Delivering digital best practice in Government – Part 1
It has been a year since Fujitsu first presented at Whitehall Media’s Central Government Business Technology (CGBT) conference in 2015.
12 months on, I was delighted to be asked by our Executive Director and VP for Public Sector Steven Cox to discuss the ways in which we see technology, especially digital, having a measurable impact on government.
We’re a digital-first nation here in the UK – the average adult spends more time using technology than sleeping, and some of us are now even using technology while sleeping.
Now more than ever, people expect the same level of technological innovation and capability from both private and public sector alike. In response, many organisations are going further than simple pixel deep, web based interaction with their customers.
Leading organisations are using digital to transform the fundamentals of how they work and provide their services. The implications are so profound that digital is being referred to as the 4th Industrial Revolution.
Traversing the Digital Tightrope – in the Public Sector
When looking at applying good practice to digital developments in government, I was surprised at the results from Fujitsu’s “Digital Tightrope” survey.
Many in government see digital only as a way to save time, money and resources. For 52% of public sector respondents, being more efficient is their digital priority – not customer experience, less rework, or better outreach.
Digital means different things to different people
So my first point is, respectfully, if you are “going digital” just to cut costs you might be doing it for the wrong reasons, or at least missing out on the full benefits.
A similar percentage, however, also admit to considering digital projects to be a gamble, and more worryingly, more than a quarter of public organisations are open about their resistance to digital adoption.
And finally, over a third (36%) say there is no clear digital strategy mapped out within their organisation; something I think is a consequence of the history, size and complexity of government. My advice would be: Don’t start unless you have an idea of where you want to end up.
In the face of these competing interests, and a lack of requisite skills to see through any digital projects, there’s an ever-present risk of stagnation. In a world that moves as quickly as digital, that risk soon transforms into one in which public bodies and the people they exist to serve can be left lagging behind.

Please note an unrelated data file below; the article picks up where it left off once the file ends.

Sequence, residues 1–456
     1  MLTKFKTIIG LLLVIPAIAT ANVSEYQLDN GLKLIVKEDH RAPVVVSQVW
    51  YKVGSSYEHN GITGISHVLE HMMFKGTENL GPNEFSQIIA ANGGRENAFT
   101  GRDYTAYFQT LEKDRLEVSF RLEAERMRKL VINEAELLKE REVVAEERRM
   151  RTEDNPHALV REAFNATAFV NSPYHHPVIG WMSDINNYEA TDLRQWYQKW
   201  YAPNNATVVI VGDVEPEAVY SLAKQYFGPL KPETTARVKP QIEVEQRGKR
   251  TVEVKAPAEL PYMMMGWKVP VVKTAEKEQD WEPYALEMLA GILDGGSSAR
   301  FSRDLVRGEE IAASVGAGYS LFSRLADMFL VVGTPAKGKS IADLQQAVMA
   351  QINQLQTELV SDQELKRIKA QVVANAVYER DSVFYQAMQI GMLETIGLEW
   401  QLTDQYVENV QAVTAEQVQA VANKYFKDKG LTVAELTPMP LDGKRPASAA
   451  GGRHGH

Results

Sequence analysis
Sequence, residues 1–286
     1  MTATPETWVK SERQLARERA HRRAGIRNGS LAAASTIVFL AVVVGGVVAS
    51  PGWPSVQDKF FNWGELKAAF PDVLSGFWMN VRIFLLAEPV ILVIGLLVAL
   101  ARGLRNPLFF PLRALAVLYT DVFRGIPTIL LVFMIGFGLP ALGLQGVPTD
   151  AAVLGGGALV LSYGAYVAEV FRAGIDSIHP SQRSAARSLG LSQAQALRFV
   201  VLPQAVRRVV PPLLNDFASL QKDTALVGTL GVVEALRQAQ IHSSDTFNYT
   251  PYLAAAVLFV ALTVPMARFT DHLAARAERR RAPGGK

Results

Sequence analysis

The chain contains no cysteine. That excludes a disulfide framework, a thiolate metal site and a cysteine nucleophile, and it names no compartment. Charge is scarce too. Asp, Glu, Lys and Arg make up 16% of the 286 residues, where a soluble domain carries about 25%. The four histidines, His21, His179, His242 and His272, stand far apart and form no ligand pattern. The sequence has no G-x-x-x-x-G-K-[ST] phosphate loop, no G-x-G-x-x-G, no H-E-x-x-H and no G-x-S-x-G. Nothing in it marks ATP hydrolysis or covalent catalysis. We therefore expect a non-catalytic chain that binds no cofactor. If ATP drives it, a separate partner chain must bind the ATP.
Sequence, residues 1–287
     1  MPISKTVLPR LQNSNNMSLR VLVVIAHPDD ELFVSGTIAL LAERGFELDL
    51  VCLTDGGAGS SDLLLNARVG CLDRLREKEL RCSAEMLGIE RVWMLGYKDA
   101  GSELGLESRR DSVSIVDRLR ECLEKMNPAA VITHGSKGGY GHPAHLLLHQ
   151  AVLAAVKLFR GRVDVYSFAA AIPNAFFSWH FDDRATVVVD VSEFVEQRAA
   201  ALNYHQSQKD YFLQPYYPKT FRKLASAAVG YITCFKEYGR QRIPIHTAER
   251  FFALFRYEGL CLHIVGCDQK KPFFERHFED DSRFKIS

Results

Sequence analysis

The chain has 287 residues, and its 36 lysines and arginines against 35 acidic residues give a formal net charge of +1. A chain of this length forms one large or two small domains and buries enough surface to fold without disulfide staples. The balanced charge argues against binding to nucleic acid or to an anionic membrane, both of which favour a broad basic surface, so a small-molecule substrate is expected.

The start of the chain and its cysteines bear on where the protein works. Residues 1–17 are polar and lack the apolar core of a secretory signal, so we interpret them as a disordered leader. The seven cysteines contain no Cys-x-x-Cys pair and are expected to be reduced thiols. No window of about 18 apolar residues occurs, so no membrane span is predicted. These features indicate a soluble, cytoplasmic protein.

Back in June at the Fujitsu World Tour event in London I chaired a panel on digital in government (transcript here). If there was one clear message from both, the panel and the audience, it was that digital means different things to different people – especially in government. Some organisations are born digital, some become digital and some have digital thrust upon them…
What is similar though, irrespective of your position, are customers who have a vision of where they want to go to with digital and know where they are now, yet still have some questions about the best route to employ in getting there.
Clear digital strategy
So my second point is to have a plan, or a strategic approach, a set of objectives and measures for progress. Alongside this, be careful with the language. Ministers and civil servants are not comfortable with terms like being “disruptive” – that reminds them of power cuts or train strikes, and “fail fast” is definitely a no-no.
Even “alpha”, “beta” and “live” need a lot of explanation. Iteration should move us towards a goal. If it doesn’t then, as Einstein contended: doing the same thing over and over again while expecting a different result is a definition of insanity.
Six principles of collaborative relationships
My third and final point for good practice is about collaboration and teamwork. At the beginning of this month the new Minister for Cabinet Office, the Rt Hon Ben Gummer MP, jointly launched the new Supplier Standard to build and support collaborative and constructive relationships between government IT and industry. The standard is focused on six principles:
- User needs first
- Data is a public asset
- Services build on open standards / reusable components
- Simple clear and fast transactions
- Ongoing engagement
- Transparent contracting
The main point the minister made was “no matter how large or how small your company is, this government is open for business”.
We need to have groups of customers and suppliers working together, large and small, bringing diverse skills to address business issues and to build a team (public procurement notwithstanding).
My takeaways are: Don’t do it just to save your money, look in a wider context for benefits. Have a plan, or approach, call it what you will, and build a team of energised and capable people, including suppliers, to help you get where you want to go.
A collaborative approach is something Fujitsu puts at the core of its engagement and it’s something we want to share through our relationship with the government.
Read more on technological innovation in the public sector: